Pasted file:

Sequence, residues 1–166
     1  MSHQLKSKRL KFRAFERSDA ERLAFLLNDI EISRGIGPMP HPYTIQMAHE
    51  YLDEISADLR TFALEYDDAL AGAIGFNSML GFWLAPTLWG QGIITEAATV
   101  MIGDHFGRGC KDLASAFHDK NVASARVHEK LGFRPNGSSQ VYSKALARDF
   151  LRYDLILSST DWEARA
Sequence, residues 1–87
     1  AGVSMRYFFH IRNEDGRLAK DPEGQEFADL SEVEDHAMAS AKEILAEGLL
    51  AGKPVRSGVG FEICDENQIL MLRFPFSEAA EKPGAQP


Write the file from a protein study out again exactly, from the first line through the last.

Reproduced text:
Sequence, residues 1–166
     1  MSHQLKSKRL KFRAFERSDA ERLAFLLNDI EISRGIGPMP HPYTIQMAHE
    51  YLDEISADLR TFALEYDDAL AGAIGFNSML GFWLAPTLWG QGIITEAATV
   101  MIGDHFGRGC KDLASAFHDK NVASARVHEK LGFRPNGSSQ VYSKALARDF
   151  LRYDLILSST DWEARA
Sequence, residues 1–87
     1  AGVSMRYFFH IRNEDGRLAK DPEGQEFADL SEVEDHAMAS AKEILAEGLL
    51  AGKPVRSGVG FEICDENQIL MLRFPFSEAA EKPGAQP